American and Jewish historians have long shied away from the topic of Jews and business. Avoidance patterns grew in part from old, often negative stereotypes that linked Jews with money, and the perceived ease and regularity with which they found success with money, condemning Jews for their desires for wealth and their proclivities for turning a profit. A new, dauntless generation of historians, however, realizes that Jewish business has had and continues to have a profound impact on American culture and development, and patterns of immigrant Jewish exploration of business opportunities reflect internal, communal, Jewish-cultural structures and their relationship to the larger non-Jewish world. As such, they see the subject rightly as a vital and underexplored area of study.
Doing Business in America: A Jewish History, edited by Hasia R. Diner, rises to the challenge of taking on the long-unspoken taboo subject, comprising leading scholars and exploring an array of key topics in this important and growing area of research.
Hombres en movimiento: Masculinidades españolas en los exilios y emigraciones, 1939–1999, de Iker González-Allende, es el primer estudio detallado de cómo el exilio y la emigración influyen en la masculinidad de los hombres españoles, tanto heterosexuales como homosexuales, que se ven obligados a abandonar su país. En el libro, González-Allende analiza la literatura producida por escritores españoles que desde 1939 hasta finales del siglo XX han experimentado el exilio o la emigración, cubriendo tres momentos históricos: el largo exilio republicano como consecuencia de la Guerra Civil Española (1936–1939), la emigración a Europa durante la década de 1960 debido a la crisis económica en España y la reciente emigración de intelectuales a los Estados Unidos a finales del siglo XX. Revelando experiencias recurrentes de aislamiento, inseguridad, discriminación y feminización en el país de acogida, González-Allende sostiene que el exilio y la emigración causan un sentido de crisis, impotencia e inestabilidad en la masculinidad de los hombres desplazados. El autor también examina como tendencia compensatoria que el exilio y la emigración pueden ofrecer a estos hombres una mayor sensación de libertad y una mejora de su situación económica. Cada uno de los siete capítulos analiza una variedad diferente de las masculinidades en el exilio o la emigración: el adolescente, el hombre en crisis, el hombre ocioso, el hombre que retorna a España, el hombre trabajador, el hombre onanista y el hombre académico. Los autores estudiados son asimismo diversos: Luis de Castresana, Juan José Domenchina, Juan Gil-Albert, Max Aub, Francisco Ayala, Patricio Chamizo, Víctor Canicio, Terenci Moix, Antonio Muñoz Molina y Javier Cercas.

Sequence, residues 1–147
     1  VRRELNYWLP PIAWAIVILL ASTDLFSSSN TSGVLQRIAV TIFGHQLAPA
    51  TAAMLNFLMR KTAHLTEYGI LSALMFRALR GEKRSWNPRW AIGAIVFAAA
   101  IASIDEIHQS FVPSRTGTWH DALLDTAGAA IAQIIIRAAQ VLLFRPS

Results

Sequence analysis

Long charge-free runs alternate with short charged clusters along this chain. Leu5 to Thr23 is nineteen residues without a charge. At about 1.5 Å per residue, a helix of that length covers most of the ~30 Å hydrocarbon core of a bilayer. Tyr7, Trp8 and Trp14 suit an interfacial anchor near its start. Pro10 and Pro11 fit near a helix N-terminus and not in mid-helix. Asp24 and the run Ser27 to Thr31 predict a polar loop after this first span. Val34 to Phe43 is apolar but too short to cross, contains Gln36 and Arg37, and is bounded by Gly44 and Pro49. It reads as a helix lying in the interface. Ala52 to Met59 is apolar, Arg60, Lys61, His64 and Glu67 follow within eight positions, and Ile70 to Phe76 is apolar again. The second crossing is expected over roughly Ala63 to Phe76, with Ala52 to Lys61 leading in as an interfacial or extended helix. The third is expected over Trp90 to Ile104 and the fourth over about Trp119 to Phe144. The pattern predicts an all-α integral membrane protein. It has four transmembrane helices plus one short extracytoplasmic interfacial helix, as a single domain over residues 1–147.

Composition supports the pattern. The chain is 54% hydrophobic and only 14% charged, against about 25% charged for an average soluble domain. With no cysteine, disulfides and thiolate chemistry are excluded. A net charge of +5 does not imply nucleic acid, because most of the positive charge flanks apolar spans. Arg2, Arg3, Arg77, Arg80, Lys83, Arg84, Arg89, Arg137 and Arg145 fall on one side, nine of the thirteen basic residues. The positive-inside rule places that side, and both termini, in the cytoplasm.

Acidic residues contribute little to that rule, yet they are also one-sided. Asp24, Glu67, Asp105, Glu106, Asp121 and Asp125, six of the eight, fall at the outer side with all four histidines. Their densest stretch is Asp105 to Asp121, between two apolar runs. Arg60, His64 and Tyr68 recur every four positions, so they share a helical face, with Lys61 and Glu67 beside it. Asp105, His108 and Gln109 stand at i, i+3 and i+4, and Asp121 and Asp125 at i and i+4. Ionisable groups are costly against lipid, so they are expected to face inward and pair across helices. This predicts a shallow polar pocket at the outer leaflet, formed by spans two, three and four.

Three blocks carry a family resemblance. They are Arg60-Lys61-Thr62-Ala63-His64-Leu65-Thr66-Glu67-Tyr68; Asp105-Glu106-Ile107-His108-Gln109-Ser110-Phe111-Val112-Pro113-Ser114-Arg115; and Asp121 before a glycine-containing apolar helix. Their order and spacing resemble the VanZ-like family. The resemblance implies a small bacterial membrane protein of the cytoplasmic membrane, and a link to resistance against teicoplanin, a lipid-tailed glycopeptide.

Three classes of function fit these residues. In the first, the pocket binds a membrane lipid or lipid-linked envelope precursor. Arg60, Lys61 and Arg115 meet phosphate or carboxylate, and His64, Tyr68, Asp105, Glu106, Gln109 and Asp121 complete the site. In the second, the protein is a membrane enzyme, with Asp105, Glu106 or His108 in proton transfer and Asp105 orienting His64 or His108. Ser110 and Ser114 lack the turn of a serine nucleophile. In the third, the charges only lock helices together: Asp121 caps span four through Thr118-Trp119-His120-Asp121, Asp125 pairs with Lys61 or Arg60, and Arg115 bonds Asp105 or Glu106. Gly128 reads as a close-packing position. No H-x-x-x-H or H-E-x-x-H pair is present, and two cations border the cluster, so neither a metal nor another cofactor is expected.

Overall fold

Men in Motion: Spanish Masculinities in Exiles and Emigrations, 1939–1999 by Iker González-Allende delivers the first sustained study of how the Spanish masculine identity, of both homosexual and heterosexual men, is impacted when men are compelled to leave their country. In it, González-Allende examines the literary output of Spanish male authors over three periods of emigration and exile: the long Republican exile from Spanish Civil War (1936–1939), the emigration to Europe during the Spanish economic crisis of the 1960s, and the recent period of emigration of intellectuals to the US through the end of the twentieth century. Revealing and unpacking recurring patterns of isolation, insecurity, discrimination, and feminization in the host country, González-Allende argues that exile and emigration cause a crisis of powerlessness that can have a destabilizing effect on one’s masculinity. González-Allende also examines a countervailing trend among Spanish exiles and émigrés of these periods; that from the same crisis some achieve a greater sense of freedom and improve their socioeconomic standing. Each of the seven chapters analyzes a different Spanish male exile or émigré: the adolescent, the man at a crossroad, the idle man, the returning man, the working man, the onanist, and the academician. Works studied are likewise from a range of authors: Luis de Castresana, Juan José Domenchina, Juan Gil-Albert, Max Aub, Francisco Ayala, Patricio Chamizo, Víctor Canicio, Terenci Moix, Antonio Muñoz Molina, and Javier Cercas.
Sandor Goodhart, Moshe Gold, and Kent Lehnhof